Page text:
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Scotland-Northern Ireland bridge idea examined by officials

Downing Street said a 'range of officials' were looking at the plan which has been championed by Boris Johnson.

Bridge plans: Boris Johnson.
Bridge plans: Boris Johnson.

Officials are examining the potential for a bridge linking Scotland and Northern Ireland, an idea championed by Boris Johnson.

Downing Street said a “range of officials” were looking at the idea, but were unable to say how many civil servants were examining proposals.

The Prime Minister’s official spokesman said it was a “proper piece of work” and Johnson was “ambitious” about infrastructure projects across the country.

Johnson has repeatedly spoken about the prospect of a bridge, even though experts have warned the depth of the Irish Sea and the presence of dumped munitions would cause problems for any project.

The project could cost a reported £20bn, although Johnson has previously said it would “only cost about £15bn”.

The Prime Minister’s official spokesman said: “The PM set out this was an idea which he believed could have some merit so, as a result of that, you would expect the Government to be looking into it.”

The scoping work is being run from Number 10, with a range of officials reporting into it.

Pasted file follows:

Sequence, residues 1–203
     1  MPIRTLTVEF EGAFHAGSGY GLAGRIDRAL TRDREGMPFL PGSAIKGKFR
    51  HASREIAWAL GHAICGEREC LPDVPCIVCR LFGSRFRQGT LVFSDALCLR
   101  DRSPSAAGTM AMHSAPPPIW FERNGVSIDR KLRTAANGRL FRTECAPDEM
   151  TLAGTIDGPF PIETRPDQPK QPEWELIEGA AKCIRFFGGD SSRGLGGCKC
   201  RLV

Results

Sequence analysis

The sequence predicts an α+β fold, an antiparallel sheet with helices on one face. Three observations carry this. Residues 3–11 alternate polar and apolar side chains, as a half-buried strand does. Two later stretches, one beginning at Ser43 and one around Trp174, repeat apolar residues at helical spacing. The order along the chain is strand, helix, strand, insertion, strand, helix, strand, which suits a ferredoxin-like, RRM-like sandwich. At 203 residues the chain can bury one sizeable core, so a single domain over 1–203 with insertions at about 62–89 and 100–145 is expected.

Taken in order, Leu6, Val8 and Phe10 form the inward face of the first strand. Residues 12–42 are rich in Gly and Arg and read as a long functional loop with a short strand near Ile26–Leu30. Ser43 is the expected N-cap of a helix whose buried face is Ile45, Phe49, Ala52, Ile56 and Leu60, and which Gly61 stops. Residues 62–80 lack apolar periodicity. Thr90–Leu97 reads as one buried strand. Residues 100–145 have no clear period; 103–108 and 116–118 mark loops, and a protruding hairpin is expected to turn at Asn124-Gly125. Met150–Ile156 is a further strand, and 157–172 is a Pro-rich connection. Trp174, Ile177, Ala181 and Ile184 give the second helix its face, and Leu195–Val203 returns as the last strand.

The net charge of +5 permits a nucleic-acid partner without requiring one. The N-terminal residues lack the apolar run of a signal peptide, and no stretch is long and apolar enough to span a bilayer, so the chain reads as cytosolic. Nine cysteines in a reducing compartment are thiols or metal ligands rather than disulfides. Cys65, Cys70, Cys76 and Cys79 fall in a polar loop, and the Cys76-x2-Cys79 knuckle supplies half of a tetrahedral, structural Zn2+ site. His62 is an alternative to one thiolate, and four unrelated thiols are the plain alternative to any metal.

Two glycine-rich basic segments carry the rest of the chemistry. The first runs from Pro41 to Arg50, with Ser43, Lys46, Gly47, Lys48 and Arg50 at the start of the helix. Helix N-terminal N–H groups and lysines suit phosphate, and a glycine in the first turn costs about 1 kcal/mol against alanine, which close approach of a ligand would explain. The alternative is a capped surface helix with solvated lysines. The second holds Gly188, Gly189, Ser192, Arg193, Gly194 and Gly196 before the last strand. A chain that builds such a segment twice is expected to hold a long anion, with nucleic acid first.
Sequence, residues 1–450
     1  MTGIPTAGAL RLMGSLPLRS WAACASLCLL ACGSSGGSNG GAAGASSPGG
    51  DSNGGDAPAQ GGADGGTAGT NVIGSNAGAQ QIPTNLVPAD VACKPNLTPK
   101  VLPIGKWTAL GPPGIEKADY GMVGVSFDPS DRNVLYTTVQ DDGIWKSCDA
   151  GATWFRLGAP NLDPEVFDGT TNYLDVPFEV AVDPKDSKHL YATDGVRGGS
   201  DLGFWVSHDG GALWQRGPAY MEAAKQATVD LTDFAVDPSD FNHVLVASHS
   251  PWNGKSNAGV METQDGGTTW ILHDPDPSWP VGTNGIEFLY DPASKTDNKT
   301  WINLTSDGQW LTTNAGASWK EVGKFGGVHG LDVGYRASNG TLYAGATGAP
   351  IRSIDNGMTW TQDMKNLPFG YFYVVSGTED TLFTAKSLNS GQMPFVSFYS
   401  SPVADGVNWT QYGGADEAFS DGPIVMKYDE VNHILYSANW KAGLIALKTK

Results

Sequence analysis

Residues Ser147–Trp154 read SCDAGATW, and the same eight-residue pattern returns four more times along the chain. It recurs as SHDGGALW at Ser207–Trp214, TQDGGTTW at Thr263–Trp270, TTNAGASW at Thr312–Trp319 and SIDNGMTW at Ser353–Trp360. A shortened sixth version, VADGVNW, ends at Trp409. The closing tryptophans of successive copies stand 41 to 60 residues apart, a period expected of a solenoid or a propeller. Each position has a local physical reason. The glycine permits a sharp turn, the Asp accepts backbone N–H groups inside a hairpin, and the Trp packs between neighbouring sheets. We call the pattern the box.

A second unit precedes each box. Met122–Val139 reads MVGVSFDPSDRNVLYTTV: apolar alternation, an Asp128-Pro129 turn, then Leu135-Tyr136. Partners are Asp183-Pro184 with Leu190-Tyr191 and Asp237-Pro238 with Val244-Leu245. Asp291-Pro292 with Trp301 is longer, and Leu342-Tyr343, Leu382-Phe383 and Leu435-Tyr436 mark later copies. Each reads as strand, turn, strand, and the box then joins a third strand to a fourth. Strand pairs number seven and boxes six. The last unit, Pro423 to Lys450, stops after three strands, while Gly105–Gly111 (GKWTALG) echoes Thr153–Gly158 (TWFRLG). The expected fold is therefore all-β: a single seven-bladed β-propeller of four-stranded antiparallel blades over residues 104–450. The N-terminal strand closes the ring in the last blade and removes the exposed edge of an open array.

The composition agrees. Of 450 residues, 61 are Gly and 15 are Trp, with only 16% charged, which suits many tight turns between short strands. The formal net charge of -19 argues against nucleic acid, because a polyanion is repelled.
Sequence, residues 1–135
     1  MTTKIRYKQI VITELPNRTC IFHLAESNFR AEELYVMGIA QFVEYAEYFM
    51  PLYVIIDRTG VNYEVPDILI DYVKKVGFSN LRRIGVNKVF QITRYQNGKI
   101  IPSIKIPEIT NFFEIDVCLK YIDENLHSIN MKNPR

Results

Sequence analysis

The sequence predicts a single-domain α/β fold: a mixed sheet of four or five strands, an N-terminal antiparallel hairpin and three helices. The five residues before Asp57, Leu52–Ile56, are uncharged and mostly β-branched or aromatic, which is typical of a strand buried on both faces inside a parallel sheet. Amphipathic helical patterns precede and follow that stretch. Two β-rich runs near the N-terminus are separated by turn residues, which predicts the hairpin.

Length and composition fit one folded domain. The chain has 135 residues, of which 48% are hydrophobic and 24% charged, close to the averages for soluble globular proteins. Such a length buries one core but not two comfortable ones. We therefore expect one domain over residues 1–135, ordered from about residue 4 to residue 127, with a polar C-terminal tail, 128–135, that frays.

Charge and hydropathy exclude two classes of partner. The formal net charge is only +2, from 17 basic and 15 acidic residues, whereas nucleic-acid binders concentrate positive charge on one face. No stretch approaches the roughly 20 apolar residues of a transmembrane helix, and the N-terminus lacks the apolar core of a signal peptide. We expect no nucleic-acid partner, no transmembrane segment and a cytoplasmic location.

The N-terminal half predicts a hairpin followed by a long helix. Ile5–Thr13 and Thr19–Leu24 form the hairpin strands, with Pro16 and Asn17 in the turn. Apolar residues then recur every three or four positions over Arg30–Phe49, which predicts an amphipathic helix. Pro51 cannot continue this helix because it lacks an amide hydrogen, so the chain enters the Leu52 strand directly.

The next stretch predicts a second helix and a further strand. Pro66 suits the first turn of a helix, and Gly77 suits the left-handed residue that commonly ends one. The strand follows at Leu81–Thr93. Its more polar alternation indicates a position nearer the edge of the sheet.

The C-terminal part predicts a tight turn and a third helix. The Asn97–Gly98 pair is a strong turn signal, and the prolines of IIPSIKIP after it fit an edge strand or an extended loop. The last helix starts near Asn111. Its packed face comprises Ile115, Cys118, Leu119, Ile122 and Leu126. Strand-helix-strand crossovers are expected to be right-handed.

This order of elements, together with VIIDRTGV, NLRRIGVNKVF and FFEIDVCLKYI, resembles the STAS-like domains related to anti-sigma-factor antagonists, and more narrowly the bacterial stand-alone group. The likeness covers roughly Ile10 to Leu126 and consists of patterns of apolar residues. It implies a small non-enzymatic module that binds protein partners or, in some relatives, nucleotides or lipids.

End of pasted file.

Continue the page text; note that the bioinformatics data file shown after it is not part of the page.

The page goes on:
“The PM is ambitious in terms of infrastructure projects,” Johnson’s spokesman said.

“He’s looking at a wide range of schemes across the UK which could improve connectivity.”

The Prime Minister told MPs “watch this space” when asked about the prospect of a “Boris bridge” in Parliament in December 2019.

The distance from Larne to Portpatrick, one of the most likely routes for a bridge, is around 45km.

There is no problem with distance, money or the Beaufort’s Dyke explosives disposal area, according to the Prime Minister.

In November 2018, he said: “The problem is not the undersea Beaufort’s Dyke or lack of funds. The problem is an absence of political will.”

Government sources said it was possible to build a bridge which has a tunnelled section to cope with some of the difficulties caused by the depth of the Irish Sea.


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